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How not to handle issues related to property in your Texas divorce

“Best practices” is a concept that is utilized pretty frequently in the business world. This concept refers to mimicking the operations and processes utilized by other people and companies that have proven themselves over time to be successful. Everyone would like to be able to conduct themselves in the most efficient and effective manner possible, and when a business identifies a practice that allows them to do so in the best possible manner it is borrowed and implemented.

I like to think of attorneys as being in the business of helping clients to implement best practices into their lives as well. Instead of teaching how to operate a business we teach how to operate within whatever legal matter you find yourself involved in.

For divorce cases the best practices that I can conceive of in regard to property issues were relayed to you all in yesterday’s blog post. In today’s blog post we will shift gears and approach this topic from the standpoint of what NOT to do with your property during a divorce. Do not let your emotions get in the way of handling your business well in an important time of your life. We hope this information will help you find some balance in handling issues related to your children as well as your property.

Save important decisions until after your divorce is complete

In the aftermath of losing a loved one, it is good advice to not make any life altering decisions until well after the passing of your relative. The reason for this is that in the time period immediately after their passing your mental state is clouded by grief and any other emotion that you may be experiencing. As a result, it makes sense that you may not be able to make the soundest of judgments on any issue that is affecting your life.

The same can be said in a divorce. While your spouse is not passing away, in many regards a divorce is putting you in a situation that is not far removed from a death in the family. Your stability, life partner and peace of mind may be greatly diminished with the serving of divorce papers either on your or your spouse. Even if you were the spouse who pushed for and initiated the divorce, that does not mean that you will be immune from these feelings.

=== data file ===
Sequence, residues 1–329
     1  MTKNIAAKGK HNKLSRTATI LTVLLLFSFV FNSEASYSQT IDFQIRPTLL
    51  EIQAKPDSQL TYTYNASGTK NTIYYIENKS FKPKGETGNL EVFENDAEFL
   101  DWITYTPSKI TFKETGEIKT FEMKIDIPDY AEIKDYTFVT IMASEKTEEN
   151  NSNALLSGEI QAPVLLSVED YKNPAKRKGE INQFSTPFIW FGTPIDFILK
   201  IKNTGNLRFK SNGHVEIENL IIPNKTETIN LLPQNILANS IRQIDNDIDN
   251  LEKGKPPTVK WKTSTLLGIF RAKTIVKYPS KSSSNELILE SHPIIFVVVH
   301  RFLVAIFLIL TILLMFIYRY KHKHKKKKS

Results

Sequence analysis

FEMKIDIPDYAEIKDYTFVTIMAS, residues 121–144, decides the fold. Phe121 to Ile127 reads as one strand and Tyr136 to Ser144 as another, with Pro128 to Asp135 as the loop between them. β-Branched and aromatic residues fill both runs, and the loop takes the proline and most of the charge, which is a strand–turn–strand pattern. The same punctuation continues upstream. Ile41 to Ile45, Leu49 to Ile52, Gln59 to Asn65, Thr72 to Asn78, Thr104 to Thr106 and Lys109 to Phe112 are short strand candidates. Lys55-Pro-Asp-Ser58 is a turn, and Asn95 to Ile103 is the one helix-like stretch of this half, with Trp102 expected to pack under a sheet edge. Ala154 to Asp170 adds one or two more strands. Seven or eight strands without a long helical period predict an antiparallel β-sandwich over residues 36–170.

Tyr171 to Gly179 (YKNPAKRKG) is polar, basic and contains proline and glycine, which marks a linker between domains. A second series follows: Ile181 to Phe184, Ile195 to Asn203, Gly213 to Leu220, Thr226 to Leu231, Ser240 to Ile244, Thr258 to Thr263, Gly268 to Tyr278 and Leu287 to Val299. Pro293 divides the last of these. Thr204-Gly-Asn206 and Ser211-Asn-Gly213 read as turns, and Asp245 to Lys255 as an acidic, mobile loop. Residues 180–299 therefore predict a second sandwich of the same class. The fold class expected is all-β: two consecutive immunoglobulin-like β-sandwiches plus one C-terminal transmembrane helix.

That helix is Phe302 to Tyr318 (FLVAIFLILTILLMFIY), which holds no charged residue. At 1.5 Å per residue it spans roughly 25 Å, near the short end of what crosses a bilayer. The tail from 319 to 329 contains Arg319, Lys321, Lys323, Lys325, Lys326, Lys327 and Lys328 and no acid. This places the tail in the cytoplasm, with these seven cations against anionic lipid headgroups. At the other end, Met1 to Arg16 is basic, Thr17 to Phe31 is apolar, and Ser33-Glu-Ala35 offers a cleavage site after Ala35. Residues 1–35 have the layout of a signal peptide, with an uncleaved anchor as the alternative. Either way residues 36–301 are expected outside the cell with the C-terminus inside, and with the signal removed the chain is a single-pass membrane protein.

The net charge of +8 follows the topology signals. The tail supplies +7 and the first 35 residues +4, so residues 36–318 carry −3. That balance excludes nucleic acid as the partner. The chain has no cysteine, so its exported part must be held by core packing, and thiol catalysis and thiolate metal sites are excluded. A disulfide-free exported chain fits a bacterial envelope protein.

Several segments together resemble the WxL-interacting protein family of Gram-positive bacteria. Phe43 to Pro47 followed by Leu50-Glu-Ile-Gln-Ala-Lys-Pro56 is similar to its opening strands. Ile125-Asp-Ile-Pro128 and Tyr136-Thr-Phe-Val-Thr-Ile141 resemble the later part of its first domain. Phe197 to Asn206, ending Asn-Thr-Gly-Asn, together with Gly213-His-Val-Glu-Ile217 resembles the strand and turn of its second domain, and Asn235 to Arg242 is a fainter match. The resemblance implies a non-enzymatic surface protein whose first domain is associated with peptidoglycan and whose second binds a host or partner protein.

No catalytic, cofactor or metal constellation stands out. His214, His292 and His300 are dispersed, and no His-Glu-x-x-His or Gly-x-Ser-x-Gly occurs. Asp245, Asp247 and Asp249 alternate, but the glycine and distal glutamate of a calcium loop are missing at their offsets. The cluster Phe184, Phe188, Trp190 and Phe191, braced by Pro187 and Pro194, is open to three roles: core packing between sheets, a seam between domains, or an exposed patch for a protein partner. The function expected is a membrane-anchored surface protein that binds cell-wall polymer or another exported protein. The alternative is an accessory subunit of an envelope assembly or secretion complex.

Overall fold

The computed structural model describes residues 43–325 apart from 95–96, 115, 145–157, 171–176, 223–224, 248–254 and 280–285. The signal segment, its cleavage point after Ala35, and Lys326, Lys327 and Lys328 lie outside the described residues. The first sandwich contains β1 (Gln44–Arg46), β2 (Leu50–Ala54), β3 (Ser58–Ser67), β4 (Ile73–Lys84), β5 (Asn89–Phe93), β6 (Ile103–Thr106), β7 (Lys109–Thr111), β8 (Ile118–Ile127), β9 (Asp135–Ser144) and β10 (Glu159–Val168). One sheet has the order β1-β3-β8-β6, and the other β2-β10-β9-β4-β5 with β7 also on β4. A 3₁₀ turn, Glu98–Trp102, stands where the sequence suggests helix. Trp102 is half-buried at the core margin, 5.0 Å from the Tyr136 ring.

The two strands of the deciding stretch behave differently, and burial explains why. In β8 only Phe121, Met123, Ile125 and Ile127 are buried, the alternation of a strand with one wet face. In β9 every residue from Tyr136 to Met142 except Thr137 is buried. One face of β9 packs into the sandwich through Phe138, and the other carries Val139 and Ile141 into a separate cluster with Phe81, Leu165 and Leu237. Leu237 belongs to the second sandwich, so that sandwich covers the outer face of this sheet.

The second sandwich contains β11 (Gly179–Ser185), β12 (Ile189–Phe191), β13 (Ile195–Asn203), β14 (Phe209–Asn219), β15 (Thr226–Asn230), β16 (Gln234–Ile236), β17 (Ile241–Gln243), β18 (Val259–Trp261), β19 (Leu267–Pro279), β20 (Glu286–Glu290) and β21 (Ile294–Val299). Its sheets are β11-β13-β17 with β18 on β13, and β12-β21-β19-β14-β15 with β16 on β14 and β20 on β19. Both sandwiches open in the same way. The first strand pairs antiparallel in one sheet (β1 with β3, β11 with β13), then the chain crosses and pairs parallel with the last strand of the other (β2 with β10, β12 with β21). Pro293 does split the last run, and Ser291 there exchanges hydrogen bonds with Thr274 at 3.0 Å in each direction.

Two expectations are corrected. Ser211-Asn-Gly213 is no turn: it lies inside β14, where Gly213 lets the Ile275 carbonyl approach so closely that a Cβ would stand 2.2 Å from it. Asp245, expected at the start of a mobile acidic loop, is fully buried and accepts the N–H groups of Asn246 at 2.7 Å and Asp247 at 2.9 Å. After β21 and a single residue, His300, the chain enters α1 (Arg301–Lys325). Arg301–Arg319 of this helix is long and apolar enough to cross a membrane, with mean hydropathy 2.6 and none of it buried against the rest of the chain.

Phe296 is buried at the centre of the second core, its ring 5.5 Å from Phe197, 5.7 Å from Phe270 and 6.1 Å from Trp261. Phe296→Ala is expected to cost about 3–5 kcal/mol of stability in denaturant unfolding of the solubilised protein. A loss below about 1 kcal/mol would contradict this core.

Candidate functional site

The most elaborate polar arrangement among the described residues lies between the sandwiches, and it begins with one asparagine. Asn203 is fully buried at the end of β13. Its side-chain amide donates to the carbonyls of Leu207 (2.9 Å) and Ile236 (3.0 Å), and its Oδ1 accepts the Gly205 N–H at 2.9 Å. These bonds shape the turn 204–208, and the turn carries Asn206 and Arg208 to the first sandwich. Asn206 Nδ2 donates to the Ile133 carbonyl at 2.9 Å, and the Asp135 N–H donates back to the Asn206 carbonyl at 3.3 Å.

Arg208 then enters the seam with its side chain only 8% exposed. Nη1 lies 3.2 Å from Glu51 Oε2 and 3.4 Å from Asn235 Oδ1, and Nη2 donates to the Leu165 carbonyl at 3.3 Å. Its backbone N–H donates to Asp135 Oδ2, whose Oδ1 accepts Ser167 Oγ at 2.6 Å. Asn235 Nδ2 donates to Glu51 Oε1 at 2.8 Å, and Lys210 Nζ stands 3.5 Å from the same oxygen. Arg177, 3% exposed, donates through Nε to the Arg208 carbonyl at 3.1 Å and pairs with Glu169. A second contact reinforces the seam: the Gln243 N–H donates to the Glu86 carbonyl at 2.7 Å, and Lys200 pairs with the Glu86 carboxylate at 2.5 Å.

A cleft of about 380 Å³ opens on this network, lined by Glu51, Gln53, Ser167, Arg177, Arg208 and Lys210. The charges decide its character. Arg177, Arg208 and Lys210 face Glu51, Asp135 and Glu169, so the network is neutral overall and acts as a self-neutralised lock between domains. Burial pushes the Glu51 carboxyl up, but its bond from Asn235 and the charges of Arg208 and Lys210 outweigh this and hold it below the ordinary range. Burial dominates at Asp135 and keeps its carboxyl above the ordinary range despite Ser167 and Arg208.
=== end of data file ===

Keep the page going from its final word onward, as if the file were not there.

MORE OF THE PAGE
Our piece of advice that we would like to share today is to understand that you are going through a really difficult set of circumstances in regard to your divorce and to therefore put all important and potentially life altering decisions on the side until your divorce is final. I’m not telling you to delay these decisions forever but I am saying that you will be better off waiting until your divorce concludes before making them.

If you want to quit your job and go into a different line of work that’s your right to do so. However, while your divorce is ongoing you ought to stick it out at your current position if for no other reason than you need stability in your life during a divorce. Once the emotions and stresses of the divorce have faded away you can approach the decision to change lines of work again. It could be that you still want to make the change. Or, you may find that you only wanted a change because the rest of your life was stressful and led you to make that decision out of emotion rather than out of a good reason to do so.

Finally, do not make big purchases during a divorce. If you know that you and your spouse are going to sell your house in your divorce settlement it is fine to move out and rent an apartment. However, do not go out and buy a new house before your divorce has concluded. The reasons are many but I will discuss two with you. First of all, you do not want to introduce another issue into your divorce that is unnecessary. It is difficult enough as it is to settle a divorce case. The last thing you need is to throw up another hurdle to settlement by getting your money involved in huge transaction that likely does nothing to help you accomplish your goals.